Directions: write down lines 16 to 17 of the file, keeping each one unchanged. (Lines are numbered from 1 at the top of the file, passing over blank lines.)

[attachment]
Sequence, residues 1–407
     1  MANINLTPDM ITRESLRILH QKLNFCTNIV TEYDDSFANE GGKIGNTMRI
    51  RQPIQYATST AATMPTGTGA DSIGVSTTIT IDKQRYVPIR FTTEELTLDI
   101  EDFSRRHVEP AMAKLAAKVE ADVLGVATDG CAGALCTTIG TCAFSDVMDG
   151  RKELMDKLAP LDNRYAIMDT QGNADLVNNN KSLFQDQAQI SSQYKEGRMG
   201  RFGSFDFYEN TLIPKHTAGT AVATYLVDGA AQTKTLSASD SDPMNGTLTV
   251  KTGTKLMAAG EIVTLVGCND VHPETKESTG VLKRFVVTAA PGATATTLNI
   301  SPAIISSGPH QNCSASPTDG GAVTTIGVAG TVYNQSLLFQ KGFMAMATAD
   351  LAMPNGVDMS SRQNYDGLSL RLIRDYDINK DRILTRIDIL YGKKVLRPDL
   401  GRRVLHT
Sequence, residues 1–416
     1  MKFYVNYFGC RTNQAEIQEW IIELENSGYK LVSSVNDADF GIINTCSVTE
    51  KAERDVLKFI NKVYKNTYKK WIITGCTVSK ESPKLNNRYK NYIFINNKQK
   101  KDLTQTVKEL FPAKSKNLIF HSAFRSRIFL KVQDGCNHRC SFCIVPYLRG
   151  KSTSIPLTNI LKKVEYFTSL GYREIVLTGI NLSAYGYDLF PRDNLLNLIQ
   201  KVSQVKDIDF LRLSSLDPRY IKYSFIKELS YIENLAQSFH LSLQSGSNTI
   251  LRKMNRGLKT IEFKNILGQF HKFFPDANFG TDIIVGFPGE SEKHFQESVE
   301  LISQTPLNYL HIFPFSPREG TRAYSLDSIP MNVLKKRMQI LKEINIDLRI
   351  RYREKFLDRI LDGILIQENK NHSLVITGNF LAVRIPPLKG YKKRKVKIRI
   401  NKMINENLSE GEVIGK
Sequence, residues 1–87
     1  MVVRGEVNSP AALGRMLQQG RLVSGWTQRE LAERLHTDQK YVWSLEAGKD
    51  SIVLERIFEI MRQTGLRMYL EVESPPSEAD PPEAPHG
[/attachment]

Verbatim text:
   201  KVSQVKDIDF LRLSSLDPRY IKYSFIKELS YIENLAQSFH LSLQSGSNTI
   251  LRKMNRGLKT IEFKNILGQF HKFFPDANFG TDIIVGFPGE SEKHFQESVE